“The effect has been pushing us into more of an entrepreneurial and business-type mode where we have to generate money from fees we charge, and we have to be more and more cost effective and cost conscious about what we do,” Akey noted.
In the meantime, a lot of private labs have sprung up to perform services once supplied only by the state-supported facility, he said.
Diagnostic labs in general nationwide also are playing catchup to an increasingly sophisticated clientele who are used to getting answers via electronic devices 24/7, he said.
“We’ve got to be there to provide the type of services they want and also in the way that they want the results. I want to work on some ways to fundamentally change the way we do business with regards to the reporting of test results.”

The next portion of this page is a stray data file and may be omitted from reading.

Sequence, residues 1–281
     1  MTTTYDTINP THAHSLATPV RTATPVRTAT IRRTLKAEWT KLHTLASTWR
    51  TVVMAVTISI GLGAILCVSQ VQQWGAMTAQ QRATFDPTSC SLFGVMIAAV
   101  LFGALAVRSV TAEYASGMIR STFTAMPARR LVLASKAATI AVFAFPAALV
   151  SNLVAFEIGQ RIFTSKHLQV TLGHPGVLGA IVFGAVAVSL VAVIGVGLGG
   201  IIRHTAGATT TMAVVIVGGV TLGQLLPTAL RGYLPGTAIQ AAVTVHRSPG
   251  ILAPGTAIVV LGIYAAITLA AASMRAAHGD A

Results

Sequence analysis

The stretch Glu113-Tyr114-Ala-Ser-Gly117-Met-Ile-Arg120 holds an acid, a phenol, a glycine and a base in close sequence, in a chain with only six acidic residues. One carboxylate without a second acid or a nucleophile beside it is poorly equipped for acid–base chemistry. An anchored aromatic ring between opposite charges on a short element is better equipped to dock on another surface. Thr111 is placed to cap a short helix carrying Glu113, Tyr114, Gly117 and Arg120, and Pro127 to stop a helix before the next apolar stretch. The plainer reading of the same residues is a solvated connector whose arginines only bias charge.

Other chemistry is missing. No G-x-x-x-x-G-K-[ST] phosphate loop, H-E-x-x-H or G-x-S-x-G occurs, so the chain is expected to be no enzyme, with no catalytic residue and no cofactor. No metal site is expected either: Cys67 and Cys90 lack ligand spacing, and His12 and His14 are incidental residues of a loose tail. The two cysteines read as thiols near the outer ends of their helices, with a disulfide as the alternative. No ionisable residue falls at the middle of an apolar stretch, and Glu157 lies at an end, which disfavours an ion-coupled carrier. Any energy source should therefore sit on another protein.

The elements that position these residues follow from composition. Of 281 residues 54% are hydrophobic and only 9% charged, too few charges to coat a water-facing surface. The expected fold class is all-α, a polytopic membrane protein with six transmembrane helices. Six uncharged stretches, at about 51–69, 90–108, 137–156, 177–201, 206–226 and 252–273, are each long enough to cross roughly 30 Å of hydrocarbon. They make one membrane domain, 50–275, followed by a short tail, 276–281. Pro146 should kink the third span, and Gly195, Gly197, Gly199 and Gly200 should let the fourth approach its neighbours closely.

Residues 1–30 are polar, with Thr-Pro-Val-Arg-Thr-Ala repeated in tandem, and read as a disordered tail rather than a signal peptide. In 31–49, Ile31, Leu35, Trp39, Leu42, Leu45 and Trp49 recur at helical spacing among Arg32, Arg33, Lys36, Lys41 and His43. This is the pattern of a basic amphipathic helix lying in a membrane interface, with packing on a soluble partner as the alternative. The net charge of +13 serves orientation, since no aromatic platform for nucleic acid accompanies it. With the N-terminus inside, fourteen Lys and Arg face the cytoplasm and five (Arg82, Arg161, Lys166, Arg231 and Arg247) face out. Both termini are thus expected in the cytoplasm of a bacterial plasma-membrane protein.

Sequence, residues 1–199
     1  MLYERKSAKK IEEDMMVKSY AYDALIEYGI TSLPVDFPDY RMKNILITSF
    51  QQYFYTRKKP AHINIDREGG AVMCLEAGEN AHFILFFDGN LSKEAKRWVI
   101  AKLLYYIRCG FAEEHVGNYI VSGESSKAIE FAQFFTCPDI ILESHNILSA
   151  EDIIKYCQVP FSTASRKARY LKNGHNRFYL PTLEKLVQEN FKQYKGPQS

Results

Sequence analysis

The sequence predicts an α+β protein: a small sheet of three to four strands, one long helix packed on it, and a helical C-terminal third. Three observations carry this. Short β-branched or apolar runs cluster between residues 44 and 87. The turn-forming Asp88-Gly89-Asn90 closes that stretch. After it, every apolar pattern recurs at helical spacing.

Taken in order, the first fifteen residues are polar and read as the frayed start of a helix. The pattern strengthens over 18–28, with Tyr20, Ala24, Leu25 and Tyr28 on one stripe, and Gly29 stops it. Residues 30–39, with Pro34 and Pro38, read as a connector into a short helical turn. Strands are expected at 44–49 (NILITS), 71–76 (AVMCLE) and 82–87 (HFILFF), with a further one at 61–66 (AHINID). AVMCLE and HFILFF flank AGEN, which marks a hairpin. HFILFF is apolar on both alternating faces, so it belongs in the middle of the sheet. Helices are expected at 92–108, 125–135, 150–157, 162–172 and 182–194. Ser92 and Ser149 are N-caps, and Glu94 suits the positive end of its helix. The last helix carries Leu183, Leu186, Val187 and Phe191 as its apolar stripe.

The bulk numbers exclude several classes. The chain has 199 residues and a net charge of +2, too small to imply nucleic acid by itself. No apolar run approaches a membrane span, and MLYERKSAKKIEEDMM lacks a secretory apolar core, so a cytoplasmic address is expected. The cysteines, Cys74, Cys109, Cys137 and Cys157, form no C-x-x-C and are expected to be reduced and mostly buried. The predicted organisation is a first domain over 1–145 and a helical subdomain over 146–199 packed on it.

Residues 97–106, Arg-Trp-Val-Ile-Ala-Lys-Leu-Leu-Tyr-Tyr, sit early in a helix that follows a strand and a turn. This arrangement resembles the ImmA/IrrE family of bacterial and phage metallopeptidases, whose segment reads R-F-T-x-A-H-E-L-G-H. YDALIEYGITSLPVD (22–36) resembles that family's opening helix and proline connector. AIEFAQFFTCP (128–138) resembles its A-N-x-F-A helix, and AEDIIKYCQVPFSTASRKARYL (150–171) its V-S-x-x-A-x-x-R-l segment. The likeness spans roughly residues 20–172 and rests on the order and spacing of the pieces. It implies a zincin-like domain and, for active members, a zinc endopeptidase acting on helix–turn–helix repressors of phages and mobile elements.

Along with returning results electronically, Akey said, he hopes to work interpretive information into reports.
“In the past, both in veterinary diagnostic labs and in human clinical labs, we would do a test for you, give you that result and say ‘good luck.’ It’s up to you to figure out what to do with the information,” he added. “I think what our clients are looking for is more value than that. We can give them more value by surrounding our raw test results with more interpretive information to help them sort it out.
“We are very much here for public service, and so we want the public to know about us, to know what our capabilities are and that we are a resource for them.”